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Poll: BC's Rush to the Centre

Tyee survey finds nearly half would have voted for 'middle' party had it existed.

By David Beers 23 May 2005 | TheTyee.ca

David Beers is the Tyee's founding editor. Under his leadership from 2003 to 2014, The Tyee's traffic grew to eclipse a million page views in a month and its team won many prizes including, twice, Canada's Excellence in Journalism Award, and, twice, the North America-wide Edward R. Murrow Award.

He remains committed to the aim that gave rise to The Tyee -- pursuing sustainable models for journalism.

He also co-founded Tyee Solutions Society, a non-profit that seeks philanthropic support for journalism in the public interest, reporting projects made available to be published by other publications as well as The Tyee.

He is an independent consultant to digital publishers on editorial and business structures.

He is an adjunct professor at the University of British Columbia Graduate School of Journalism.

Previous to The Tyee, Beers was Chief Features Editor creating new projects and sections at the Vancouver Sun, and before that was senior editor at Mother Jones magazine and the San Francisco Examiner before the Hearst Corporation merged it with the San Francisco Chronicle. He has written for numerous publications including Harper's, National Geographic and the Globe and Mail, and authored a highly praised memoir of growing up in Silicon Valley, Blue Sky Dream.

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Suddenly everyone seems to agree it’s wonderful to be “moderate” in British Columbia politics. Gordon Campbell, Carole James and Adriane Carr all built their election game plans around appealing to undecided voters assumed to be turned off to “polarized” politics and wanting more tempered leadership.

Now, when the BC Liberals and NDP face off in the Legislature, prepare to watch their members oh so politely beat each other up in order to claim the middle ground. That strategy – call it the rush to the centre – would seem to be bolstered by results to a poll question commissioned by The Tyee midway through the provincial election campaign.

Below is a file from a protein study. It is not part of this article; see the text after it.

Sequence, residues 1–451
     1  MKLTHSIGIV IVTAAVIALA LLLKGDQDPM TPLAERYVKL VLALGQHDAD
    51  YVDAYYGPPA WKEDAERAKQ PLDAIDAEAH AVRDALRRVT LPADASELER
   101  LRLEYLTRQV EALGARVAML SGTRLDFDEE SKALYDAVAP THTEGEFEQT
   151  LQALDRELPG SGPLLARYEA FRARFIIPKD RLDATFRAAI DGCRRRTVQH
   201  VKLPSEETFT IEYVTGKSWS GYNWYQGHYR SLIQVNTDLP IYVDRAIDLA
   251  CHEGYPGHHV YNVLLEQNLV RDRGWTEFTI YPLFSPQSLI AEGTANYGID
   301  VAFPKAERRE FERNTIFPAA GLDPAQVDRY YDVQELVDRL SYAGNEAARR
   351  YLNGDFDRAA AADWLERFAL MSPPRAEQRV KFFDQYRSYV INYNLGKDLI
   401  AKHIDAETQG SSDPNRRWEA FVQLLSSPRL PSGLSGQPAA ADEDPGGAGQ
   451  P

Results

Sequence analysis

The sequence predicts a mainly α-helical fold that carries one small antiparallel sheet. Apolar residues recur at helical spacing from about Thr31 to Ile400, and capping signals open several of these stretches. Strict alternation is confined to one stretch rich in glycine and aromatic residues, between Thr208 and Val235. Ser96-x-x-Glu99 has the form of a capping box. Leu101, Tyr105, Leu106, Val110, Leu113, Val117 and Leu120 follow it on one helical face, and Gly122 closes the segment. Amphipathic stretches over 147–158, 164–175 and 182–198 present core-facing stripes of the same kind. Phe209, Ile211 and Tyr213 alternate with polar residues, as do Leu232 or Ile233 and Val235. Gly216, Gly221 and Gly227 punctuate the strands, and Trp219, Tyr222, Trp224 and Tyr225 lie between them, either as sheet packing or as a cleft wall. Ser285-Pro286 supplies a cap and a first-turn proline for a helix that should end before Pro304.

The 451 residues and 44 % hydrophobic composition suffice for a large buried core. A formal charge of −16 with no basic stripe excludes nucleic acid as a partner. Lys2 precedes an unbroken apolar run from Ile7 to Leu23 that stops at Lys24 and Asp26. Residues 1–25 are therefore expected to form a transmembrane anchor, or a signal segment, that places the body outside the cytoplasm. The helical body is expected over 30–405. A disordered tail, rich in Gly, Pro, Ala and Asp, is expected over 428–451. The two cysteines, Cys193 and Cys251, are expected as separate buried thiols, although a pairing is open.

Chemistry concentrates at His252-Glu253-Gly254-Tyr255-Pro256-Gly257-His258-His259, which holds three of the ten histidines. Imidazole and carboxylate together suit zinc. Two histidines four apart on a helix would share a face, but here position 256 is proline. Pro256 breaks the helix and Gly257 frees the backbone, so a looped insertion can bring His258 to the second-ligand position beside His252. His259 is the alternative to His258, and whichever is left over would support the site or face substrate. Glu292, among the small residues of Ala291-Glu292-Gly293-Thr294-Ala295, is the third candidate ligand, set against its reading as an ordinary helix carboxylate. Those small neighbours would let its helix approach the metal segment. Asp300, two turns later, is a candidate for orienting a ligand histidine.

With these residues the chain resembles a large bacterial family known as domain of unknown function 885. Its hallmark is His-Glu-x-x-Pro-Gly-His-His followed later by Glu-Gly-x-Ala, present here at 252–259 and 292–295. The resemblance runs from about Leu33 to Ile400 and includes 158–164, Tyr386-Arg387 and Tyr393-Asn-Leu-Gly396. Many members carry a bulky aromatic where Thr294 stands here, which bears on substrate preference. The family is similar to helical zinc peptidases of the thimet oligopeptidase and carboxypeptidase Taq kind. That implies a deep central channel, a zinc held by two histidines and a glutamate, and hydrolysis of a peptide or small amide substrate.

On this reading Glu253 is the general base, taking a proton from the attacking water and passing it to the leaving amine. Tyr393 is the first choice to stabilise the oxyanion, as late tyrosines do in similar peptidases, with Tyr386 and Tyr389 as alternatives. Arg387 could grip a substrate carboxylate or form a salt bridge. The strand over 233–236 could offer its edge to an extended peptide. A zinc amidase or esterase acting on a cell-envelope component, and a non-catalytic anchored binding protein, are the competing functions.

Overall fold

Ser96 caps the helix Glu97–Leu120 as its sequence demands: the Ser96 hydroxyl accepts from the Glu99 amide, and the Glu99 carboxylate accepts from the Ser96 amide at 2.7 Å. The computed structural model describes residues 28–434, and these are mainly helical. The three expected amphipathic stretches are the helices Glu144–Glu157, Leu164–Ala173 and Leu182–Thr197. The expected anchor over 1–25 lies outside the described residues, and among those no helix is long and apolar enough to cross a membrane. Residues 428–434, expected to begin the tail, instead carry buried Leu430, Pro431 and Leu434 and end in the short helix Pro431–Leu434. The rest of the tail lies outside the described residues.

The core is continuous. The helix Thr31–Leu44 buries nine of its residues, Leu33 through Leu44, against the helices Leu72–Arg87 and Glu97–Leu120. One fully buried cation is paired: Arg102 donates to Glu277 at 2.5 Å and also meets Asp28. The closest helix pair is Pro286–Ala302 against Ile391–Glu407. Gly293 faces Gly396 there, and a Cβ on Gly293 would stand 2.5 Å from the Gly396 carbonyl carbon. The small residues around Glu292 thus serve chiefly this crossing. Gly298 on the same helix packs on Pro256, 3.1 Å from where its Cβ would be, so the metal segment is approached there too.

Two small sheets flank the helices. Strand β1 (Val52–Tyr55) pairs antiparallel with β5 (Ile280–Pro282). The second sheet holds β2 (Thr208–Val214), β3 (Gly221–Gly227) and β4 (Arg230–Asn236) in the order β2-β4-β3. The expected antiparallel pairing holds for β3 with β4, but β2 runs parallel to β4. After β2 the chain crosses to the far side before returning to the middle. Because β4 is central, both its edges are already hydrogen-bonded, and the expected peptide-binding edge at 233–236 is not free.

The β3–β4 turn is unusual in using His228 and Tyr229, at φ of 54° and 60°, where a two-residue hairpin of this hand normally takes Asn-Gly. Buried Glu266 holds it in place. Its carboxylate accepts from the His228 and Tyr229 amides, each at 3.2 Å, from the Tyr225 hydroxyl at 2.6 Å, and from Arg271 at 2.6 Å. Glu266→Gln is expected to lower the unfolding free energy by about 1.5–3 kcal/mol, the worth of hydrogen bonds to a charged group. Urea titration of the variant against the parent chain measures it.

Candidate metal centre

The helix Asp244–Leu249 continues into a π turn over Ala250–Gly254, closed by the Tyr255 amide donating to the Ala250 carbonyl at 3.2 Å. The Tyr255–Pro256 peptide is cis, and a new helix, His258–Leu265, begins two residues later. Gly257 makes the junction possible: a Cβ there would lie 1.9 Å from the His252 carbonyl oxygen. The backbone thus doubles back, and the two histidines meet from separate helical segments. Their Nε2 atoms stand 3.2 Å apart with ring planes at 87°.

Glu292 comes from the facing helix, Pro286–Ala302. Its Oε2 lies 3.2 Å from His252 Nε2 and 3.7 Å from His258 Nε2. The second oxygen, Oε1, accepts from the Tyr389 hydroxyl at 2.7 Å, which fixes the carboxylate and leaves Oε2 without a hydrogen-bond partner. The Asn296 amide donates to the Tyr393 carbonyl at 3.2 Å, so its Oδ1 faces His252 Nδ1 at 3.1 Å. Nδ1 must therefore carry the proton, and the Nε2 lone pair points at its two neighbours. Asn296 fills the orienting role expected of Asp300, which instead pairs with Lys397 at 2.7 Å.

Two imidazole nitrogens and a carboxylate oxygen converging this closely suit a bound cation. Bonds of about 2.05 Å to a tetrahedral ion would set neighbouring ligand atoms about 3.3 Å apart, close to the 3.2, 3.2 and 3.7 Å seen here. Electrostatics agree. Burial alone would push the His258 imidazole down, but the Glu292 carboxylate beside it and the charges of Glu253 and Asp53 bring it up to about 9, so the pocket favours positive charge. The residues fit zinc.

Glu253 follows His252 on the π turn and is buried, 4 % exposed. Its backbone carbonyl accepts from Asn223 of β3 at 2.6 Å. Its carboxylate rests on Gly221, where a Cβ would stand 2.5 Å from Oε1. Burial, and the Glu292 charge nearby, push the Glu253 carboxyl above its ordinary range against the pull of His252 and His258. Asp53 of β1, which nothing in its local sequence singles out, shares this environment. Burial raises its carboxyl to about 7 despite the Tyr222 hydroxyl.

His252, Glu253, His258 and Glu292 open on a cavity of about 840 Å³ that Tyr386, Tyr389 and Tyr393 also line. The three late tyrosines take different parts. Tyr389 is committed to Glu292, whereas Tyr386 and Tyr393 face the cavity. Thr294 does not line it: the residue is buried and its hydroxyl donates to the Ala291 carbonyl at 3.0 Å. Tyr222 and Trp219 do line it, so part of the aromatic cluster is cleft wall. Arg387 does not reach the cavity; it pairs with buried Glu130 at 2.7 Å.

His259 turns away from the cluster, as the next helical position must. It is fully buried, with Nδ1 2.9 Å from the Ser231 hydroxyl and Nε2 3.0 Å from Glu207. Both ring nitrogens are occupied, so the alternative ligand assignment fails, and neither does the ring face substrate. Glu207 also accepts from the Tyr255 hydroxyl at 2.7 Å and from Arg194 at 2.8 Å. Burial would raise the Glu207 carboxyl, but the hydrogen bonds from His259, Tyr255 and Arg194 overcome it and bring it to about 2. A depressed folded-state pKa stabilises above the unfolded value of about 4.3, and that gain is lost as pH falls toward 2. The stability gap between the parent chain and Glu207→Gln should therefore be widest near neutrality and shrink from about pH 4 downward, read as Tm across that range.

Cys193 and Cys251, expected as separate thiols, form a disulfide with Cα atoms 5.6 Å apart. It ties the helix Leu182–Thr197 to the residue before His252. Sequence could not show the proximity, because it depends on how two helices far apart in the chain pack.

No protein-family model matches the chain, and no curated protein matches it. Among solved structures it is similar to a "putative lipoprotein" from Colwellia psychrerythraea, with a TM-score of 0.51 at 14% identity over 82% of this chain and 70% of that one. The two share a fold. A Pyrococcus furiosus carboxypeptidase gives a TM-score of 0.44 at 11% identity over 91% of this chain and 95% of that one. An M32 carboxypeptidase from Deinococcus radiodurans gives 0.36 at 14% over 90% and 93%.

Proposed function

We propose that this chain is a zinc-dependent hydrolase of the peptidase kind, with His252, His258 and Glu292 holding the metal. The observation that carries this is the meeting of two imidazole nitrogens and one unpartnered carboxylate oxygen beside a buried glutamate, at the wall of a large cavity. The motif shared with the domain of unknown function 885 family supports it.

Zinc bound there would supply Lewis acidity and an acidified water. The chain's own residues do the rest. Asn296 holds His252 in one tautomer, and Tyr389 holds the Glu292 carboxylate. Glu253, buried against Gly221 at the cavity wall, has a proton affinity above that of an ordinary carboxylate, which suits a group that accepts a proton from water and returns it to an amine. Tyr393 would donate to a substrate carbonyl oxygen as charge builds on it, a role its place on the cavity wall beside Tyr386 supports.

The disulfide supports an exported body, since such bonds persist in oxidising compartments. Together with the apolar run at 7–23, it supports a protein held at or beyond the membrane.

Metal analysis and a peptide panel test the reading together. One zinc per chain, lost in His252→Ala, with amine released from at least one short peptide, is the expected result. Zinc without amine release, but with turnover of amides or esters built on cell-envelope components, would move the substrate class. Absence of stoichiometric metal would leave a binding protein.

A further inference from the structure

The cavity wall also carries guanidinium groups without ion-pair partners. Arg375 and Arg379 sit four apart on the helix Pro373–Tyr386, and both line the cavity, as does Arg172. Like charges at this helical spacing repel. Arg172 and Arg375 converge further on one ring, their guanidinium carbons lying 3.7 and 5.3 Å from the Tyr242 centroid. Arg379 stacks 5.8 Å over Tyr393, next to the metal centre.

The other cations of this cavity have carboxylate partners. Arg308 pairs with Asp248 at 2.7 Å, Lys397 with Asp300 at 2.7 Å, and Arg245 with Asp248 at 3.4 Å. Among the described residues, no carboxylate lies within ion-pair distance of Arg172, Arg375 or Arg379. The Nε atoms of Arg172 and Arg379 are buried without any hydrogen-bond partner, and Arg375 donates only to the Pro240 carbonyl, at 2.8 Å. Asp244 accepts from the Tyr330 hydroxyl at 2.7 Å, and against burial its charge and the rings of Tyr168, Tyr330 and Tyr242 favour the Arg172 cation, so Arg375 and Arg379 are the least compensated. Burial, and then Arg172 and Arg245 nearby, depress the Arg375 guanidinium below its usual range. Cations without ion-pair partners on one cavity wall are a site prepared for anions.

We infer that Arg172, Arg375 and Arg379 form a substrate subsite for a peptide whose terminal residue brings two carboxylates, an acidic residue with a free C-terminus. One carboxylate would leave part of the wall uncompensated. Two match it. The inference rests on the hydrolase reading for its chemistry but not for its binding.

As part of an omnibus survey, the polling firm Strategic Communications asked: “If there was a party in this provincial election that represented the position in between those of the BC Liberals and the BC New Democratic Party, I would be more likely to vote for them . . . Agree or disagree?” The question was changed slightly to accommodate whether the respondents identified themselves as decided or undecided voters.

Result: Almost half of BC voters (47.5 percent) agreed that they would be more likely to vote for a new party with a position between that of the Liberals and the NDP, rather than vote their own first choice, or remain undecided about their vote.

A similar number said they would be less likely to vote for such a party but this result indicates that such a ‘middle’ party could, with all other factors being equal, have a significant opportunity to challenge the Liberals and the NDP in British Columbia.

Of course Adriane Carr tried to position her Greens as that party, as did Tom Morino of Democratic Reform BC, but voters by and large didn’t buy it.

So there is no such ‘middle party’ on the horizon now, especially without the passing of Single Transferrable Voting or some other reform of the voting process. Which leaves it to the BC Liberals and the NDP to slug it out for those voters within and outside their own ranks who yearn for a kinder, gentler politics.

Muddled about ‘middle’

We saw clear attempts to hog the middle lane during the election. In a late attempt to moderate his party’s image, Gordon Campbell pulled in the CBC cosmopolitan Carole Taylor and the seasoned judge Wally Oppal to shore up a small ‘l’ liberal wing that had atrophied during the reign of the BC Liberals.